NEWCASTLE Building Society (NBS) is making "steady progress as it returns to its “building society ideals” in what its chief executive admitted is a “challenging environment” for the financial services sector.
Jim Willens said the policy is working as customers start to look again at the mutual business model following recent mis-selling scandals and failures in the big banking sector.
NBS yesterday reported a rise in operating income to £22.7m in the six months to the end of June, up from £21.8m a year ago, and an increase in operating profits to £4.3m from £4.2m.
But the building society’s success in attracting more deposits resulted in a higher levy from the Financial Services Compensation Scheme, which ate into its pre-tax profits.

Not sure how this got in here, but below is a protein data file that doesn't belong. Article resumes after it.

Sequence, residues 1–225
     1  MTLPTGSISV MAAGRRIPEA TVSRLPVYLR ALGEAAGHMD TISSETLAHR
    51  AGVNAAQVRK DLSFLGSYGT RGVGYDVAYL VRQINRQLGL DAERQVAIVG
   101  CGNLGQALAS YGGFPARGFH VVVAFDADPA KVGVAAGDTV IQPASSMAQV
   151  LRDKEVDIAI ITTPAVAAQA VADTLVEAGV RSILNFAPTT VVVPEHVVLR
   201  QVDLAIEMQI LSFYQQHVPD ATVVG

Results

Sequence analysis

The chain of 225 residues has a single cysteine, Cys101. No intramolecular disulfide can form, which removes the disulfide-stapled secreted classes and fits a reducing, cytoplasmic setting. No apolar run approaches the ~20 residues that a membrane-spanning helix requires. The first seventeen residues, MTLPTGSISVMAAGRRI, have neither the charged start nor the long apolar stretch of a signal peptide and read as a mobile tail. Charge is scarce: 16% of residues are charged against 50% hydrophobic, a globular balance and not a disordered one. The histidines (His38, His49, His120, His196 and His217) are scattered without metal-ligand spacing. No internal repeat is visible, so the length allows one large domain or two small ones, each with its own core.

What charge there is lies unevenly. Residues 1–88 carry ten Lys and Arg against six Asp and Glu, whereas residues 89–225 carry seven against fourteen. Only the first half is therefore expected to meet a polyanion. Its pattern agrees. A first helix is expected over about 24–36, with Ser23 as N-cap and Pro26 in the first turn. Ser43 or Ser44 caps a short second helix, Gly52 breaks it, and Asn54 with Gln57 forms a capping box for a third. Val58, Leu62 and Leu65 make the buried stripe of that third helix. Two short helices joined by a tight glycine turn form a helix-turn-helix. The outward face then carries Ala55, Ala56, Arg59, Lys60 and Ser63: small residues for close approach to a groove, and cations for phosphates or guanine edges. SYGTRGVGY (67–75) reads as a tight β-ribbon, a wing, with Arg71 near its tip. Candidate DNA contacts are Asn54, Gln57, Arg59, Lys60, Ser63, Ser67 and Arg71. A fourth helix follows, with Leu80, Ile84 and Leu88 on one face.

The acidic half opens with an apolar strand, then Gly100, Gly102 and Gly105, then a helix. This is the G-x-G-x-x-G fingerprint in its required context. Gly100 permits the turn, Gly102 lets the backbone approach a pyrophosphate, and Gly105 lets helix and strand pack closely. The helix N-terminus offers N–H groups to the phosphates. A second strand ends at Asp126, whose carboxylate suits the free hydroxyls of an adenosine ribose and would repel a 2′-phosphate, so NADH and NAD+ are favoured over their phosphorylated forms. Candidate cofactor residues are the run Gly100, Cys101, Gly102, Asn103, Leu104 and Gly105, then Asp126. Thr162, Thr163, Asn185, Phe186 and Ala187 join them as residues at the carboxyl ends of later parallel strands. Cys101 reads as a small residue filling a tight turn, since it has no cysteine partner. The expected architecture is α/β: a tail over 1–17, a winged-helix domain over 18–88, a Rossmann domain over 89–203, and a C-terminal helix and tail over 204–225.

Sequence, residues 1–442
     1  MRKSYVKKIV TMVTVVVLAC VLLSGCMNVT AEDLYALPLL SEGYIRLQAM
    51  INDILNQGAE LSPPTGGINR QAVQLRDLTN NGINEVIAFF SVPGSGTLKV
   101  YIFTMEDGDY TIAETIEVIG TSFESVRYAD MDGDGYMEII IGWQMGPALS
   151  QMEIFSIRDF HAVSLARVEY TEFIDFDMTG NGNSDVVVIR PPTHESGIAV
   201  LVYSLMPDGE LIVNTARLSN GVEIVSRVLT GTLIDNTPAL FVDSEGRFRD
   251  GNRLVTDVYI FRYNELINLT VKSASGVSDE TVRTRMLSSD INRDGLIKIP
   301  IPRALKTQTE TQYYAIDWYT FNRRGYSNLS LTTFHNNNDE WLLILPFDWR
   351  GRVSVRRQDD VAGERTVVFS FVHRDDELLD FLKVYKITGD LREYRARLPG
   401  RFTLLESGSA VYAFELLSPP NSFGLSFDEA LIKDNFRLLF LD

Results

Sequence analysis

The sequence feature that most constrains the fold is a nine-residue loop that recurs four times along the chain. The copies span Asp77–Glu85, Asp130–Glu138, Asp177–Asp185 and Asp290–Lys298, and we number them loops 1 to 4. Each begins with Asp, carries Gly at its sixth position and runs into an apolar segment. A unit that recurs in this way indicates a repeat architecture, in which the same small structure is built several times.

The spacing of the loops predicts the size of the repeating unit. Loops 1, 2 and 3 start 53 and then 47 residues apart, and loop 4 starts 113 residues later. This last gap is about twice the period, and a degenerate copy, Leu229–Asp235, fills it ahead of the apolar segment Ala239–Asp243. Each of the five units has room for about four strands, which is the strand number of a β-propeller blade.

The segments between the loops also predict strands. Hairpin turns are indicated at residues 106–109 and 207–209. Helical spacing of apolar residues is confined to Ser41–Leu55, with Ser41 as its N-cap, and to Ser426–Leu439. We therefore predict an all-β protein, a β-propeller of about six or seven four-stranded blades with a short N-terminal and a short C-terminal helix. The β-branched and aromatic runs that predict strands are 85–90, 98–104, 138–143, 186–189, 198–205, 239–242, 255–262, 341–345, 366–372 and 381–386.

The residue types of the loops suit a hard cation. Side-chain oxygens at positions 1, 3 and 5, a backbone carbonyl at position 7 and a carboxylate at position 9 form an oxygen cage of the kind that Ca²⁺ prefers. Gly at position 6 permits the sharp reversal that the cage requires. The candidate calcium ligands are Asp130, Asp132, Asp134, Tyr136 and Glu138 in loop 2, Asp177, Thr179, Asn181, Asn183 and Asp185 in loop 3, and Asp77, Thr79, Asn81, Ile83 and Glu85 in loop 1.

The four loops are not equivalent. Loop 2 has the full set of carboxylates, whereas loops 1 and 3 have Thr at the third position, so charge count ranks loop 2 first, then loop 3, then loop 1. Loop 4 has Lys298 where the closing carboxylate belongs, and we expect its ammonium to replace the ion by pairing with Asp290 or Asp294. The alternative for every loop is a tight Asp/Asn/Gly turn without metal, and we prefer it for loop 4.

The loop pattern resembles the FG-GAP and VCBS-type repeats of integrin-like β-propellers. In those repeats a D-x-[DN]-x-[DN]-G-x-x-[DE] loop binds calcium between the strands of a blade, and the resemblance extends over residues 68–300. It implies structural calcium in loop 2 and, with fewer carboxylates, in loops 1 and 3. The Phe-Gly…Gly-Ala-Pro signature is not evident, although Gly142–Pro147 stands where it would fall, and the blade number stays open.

They halved to £0.5m compared to £1m last year, but without the additional £0.8m levy they would have increased to £1.3m.
Willens said: “The Financial Services Compensation Scheme levy is the mechanism by which the failed banks’ and building societies’ deposits are protected and covered. The organisation steps in when there’s a failure like Northern Rock or Bradford & Bingley.
“They oversee the repayment owed up to £85,000 so that individuals are protected. The amount a bank or building society pays into the scheme is based on the number of deposits it holds. The more successful you are, the more you pay in levy.
“It has never been about profits [for us] because we are a mutual. The reality is we’ve been successful in funding ourselves from retail deposits.”